3 thoughts on “Why aren’t All Social Workers Supported and Created Equal?”

  1. This is an important issue to talk about. As an LCSW with macro-practice leanings, I get frustrated with anyone who wants to limit the title to only LCSWs. However, I do see a great value in statutes like the one we have in Indiana. In Indiana, as long as you have a BSW, MSW, LSW, or LCSW you can call yourself a social worker.

    I think this is a useful strategy. It casts a wide umbrella over the different varieties of social workers out there, while still protecting the name/identity from being applied to people who work in a social-work type position, i.e. CPS case managers, yet don’t actually have a social work education. Without some title protection, it is too easy for the value of the social work field to be diluted or changed.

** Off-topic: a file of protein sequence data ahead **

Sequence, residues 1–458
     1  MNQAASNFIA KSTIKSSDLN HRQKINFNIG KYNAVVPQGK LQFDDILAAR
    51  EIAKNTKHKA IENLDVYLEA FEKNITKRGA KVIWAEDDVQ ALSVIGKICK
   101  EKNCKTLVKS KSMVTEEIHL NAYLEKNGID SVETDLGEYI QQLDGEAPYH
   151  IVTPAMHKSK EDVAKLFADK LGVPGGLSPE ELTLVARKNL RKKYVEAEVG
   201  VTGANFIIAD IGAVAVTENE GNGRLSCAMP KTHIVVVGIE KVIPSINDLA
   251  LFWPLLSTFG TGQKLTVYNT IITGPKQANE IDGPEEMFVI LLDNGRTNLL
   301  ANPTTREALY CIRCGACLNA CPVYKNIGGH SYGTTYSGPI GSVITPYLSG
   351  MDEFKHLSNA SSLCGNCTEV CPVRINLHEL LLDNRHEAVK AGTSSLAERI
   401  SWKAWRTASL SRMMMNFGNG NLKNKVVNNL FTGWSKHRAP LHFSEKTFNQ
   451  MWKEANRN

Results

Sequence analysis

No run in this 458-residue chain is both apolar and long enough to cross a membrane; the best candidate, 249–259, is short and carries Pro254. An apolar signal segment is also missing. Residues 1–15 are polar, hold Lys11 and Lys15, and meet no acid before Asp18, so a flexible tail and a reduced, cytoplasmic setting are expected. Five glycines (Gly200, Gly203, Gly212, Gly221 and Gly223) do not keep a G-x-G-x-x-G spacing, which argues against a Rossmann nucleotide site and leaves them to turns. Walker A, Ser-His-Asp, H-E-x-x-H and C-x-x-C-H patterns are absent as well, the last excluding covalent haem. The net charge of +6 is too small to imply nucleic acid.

2. I think its good to protect the name from being used to identify people who work in social work type situations. I do social work type stuff but I do not call myself a social worker. When people learn of your position, they automatically put you under that umbrella. It can be awkward for others sometimes but I call myself a human services worker or a case worker because thats what I do. I’ve worked with traumatic brain injured adults, child welfare and now community health, but I do not have a social work degree.

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